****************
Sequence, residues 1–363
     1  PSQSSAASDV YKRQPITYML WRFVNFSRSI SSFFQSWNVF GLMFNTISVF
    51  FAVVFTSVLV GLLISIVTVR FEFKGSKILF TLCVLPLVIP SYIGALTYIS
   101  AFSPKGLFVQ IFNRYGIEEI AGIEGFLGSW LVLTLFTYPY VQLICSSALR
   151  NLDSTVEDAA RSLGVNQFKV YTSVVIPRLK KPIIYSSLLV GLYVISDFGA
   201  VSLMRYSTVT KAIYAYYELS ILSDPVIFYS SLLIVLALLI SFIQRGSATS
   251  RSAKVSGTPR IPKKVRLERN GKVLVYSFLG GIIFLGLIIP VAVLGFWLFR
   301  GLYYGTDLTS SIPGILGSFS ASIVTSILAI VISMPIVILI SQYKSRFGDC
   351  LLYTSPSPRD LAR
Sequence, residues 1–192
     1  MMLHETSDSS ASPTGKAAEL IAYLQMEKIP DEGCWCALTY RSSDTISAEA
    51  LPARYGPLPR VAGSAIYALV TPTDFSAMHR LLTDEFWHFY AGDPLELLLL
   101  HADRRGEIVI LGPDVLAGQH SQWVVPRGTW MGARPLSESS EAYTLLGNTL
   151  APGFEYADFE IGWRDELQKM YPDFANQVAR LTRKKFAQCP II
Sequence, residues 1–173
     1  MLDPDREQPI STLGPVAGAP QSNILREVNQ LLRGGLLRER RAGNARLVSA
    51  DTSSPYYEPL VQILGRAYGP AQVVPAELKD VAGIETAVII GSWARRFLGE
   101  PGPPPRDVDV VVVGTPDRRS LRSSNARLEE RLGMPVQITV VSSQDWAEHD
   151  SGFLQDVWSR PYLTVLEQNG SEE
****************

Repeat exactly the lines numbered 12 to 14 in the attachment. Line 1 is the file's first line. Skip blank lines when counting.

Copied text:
    51  LPARYGPLPR VAGSAIYALV TPTDFSAMHR LLTDEFWHFY AGDPLELLLL
   101  HADRRGEIVI LGPDVLAGQH SQWVVPRGTW MGARPLSESS EAYTLLGNTL
   151  APGFEYADFE IGWRDELQKM YPDFANQVAR LTRKKFAQCP II